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Guard against the dark side

On Friday, the film that geeks and nerds the world over have been waiting for will open in theaters: Star Wars VII: The Force Awakens.

Walt Disney Studios Motion Pictures.

On Friday, the film that geeks and nerds the world over have been waiting for will open in theaters: Star Wars VII: The Force Awakens.

Star Wars is a beloved movie franchise, with three wildly successful original films and three mildly successful prequels. There have been books, television shows, and merchandise galore. Still, there are those in the geek- and nerd-o-sphere who have been sounding the alarm "What if it's terrible?" - as many thought the prequels were.

To all the worrywarts, I say this:


J.J. Abrams knows what he's doing. After all, he directed two films for the rival Star Trek franchise. He knows how to handle a property with a fervent fan base. And in case you forgot, he did very well with the 2009 Star Trek film (it made $280.7 million domestically) and the 2013 sequel Star Trek Into Darkness ($228.8 million domestically).

Since I am of a certain age, I grew up with the original trilogy, Star Wars, The Empire Strikes Back, and Return of the Jedi. (They are now known as Episodes IV through VI). I remember when I first saw the original movie in 1977. My older brother was going to the movies and asked if I wanted to come along. I said yes without knowing what we would be seeing.

Even though we arrived 10 minutes late, I was immediately captivated by the story of Luke Skywalker, Obi-Won Kenobi, Princess Leia, and Han Solo. Skywalker wanted to be a Jedi knight more than anything, and he had Jedi Master Kenobi to guide him, either in person or in spirit. Princess Leia would not betray the Rebel Alliance, despite being captured and tortured by members of the Empire, whose military leader was the evil Darth Vader. Han Solo started out as a rogue smuggler who just wanted to use his reward money for rescuing the princess to pay off his debt to Jabba the Hutt. Of course, Solo later turns his sympathies to the rebel cause.

Well, I ended up liking the movie more than my brother did. After that, every time a Star Wars film was released or rereleased in the '70s and '80s, I was in the theater watching and enjoying every minute. I saw Episode IV eight times, Episode V six times, and Episode VI three times. As for the prequels, I saw each once.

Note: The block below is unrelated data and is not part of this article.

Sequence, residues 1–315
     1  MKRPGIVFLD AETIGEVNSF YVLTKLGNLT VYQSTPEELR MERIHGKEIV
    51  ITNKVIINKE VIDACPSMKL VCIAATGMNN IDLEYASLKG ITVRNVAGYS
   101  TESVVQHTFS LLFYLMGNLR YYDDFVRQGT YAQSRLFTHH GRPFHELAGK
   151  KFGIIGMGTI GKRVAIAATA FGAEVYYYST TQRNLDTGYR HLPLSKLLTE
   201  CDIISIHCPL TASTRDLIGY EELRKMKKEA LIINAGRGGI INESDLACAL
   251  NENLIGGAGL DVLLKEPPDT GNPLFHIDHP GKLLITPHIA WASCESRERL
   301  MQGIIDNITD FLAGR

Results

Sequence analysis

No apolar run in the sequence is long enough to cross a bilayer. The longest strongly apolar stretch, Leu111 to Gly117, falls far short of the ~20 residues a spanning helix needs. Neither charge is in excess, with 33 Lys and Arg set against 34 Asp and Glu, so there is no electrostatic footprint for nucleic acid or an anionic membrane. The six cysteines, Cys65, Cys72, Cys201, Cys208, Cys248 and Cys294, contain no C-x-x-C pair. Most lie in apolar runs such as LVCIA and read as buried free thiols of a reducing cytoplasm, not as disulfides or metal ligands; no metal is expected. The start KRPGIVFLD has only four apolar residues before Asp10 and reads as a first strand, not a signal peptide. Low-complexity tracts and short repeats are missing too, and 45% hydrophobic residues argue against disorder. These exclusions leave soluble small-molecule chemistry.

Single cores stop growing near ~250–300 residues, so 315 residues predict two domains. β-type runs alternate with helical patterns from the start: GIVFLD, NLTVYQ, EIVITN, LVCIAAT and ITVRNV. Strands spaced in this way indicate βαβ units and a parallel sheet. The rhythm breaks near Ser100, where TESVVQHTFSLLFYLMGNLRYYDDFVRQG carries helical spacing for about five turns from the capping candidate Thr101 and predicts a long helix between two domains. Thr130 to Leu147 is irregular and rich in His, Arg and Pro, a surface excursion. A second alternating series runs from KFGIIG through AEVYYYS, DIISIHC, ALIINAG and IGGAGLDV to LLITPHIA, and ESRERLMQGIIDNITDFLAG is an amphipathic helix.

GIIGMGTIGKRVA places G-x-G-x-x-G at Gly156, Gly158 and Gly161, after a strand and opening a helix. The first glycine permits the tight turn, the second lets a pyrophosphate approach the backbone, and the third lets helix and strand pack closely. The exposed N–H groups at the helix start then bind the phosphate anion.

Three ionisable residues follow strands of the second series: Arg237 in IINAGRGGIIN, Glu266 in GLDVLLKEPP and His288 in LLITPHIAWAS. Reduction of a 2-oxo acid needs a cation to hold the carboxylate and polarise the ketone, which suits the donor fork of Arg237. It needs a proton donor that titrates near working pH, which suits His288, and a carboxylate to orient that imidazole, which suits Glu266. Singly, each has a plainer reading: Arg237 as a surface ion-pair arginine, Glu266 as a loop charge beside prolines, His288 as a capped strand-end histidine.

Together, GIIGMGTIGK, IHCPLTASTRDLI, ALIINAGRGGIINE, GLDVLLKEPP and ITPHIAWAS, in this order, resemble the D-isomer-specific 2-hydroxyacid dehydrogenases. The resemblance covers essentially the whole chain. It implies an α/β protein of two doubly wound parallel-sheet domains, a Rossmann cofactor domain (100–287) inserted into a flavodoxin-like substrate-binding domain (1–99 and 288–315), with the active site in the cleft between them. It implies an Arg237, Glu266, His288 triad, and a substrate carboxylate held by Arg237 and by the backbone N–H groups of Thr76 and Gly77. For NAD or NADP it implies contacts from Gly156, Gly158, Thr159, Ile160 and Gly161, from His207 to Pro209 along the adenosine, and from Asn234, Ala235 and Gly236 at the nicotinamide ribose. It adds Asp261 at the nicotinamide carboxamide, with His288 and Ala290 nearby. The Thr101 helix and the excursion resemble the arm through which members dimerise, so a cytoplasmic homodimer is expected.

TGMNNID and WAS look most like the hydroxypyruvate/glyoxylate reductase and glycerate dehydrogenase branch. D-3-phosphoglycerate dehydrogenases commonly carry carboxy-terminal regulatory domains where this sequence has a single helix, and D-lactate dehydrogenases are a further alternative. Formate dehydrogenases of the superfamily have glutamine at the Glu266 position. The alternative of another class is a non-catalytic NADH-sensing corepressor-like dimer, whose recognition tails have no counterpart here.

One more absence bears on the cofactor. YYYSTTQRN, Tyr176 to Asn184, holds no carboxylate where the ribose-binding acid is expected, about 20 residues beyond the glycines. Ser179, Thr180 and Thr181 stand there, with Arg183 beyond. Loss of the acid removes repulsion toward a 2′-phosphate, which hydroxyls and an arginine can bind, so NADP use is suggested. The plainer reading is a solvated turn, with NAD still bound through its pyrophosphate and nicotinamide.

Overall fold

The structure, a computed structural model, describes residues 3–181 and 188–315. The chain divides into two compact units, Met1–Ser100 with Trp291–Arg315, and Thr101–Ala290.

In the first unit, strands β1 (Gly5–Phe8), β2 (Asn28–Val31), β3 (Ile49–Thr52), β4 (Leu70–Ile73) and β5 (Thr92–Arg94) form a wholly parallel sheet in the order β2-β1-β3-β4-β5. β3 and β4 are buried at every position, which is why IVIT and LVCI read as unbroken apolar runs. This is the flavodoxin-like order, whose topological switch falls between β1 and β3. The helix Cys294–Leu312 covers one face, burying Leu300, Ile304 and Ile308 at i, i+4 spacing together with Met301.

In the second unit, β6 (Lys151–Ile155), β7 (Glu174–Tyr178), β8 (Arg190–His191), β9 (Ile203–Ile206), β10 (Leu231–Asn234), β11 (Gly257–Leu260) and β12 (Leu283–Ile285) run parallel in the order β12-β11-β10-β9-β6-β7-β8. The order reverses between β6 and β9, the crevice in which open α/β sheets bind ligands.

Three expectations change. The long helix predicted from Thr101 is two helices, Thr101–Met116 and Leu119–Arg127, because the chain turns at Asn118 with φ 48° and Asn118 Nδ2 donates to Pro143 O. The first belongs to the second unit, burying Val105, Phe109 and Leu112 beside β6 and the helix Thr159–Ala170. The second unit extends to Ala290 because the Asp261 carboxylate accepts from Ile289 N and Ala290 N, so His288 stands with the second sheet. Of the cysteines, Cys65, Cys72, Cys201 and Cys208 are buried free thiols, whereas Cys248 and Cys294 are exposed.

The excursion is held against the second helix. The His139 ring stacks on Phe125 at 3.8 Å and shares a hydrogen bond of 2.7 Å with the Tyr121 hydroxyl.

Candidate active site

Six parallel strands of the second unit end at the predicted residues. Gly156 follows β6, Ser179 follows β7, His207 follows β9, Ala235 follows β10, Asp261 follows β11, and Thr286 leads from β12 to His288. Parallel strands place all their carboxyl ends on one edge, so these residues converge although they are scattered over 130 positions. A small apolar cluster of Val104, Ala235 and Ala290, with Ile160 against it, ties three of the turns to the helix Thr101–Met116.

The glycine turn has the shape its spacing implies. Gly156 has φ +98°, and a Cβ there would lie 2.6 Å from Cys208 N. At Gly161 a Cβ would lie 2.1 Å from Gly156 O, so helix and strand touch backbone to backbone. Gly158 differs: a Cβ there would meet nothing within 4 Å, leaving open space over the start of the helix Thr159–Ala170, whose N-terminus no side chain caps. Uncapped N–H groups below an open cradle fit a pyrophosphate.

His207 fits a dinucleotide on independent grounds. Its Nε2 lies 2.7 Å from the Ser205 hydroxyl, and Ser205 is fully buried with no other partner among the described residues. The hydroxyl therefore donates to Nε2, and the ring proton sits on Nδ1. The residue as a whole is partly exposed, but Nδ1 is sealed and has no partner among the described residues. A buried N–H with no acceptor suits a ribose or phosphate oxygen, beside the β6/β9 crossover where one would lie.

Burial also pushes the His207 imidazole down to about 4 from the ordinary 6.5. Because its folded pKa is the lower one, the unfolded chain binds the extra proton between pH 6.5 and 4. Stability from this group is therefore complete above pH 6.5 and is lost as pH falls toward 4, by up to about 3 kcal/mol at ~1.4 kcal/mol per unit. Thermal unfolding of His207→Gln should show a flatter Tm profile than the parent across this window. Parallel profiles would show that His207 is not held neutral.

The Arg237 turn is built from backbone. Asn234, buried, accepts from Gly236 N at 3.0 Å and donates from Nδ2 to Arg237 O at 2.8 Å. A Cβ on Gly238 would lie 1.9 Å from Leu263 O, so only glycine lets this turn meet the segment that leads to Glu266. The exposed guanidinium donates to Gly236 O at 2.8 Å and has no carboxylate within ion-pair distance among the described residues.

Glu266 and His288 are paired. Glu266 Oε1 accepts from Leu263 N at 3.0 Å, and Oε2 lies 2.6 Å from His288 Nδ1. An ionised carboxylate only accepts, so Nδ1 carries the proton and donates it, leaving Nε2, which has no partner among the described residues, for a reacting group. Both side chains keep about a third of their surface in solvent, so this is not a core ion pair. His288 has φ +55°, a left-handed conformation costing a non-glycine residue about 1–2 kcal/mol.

From that perspective, I say we ignore the Internet chatter from fan boys and girls who give their two cents on any aspect of the Star Wars universe. And when segments about Star Wars come up on broadcast media, either leave the room or turn down the volume. Finally, when watching the new movie itself, watch it with more than just an open mind; watch it with a sense of awe for the universe George Lucas created and Abrams is continuing, and just enjoy the ride.

There are a wide range of entertainment options available to us, but going to the movies is still special. Films and the stories they tell touch us deep inside. They take us to another place and time. They are the "stuff as dreams are made on" that encourage a sense of wonder within us.

In this world where the news is frequently bad and things are often seen with a jaded eye, let's give ourselves the gift of wonder. Let's dust off our dreams to see what we can make of them. Let's be open to the wonder not just of Star Wars, but of life around us.

Having a sense of wonder shines light in a dark world. As Star Wars shows us, the forces of darkness can be defeated. First, though, we must guard against the darkness growing inside us.

I. Di Toro is a writer in Philadelphia.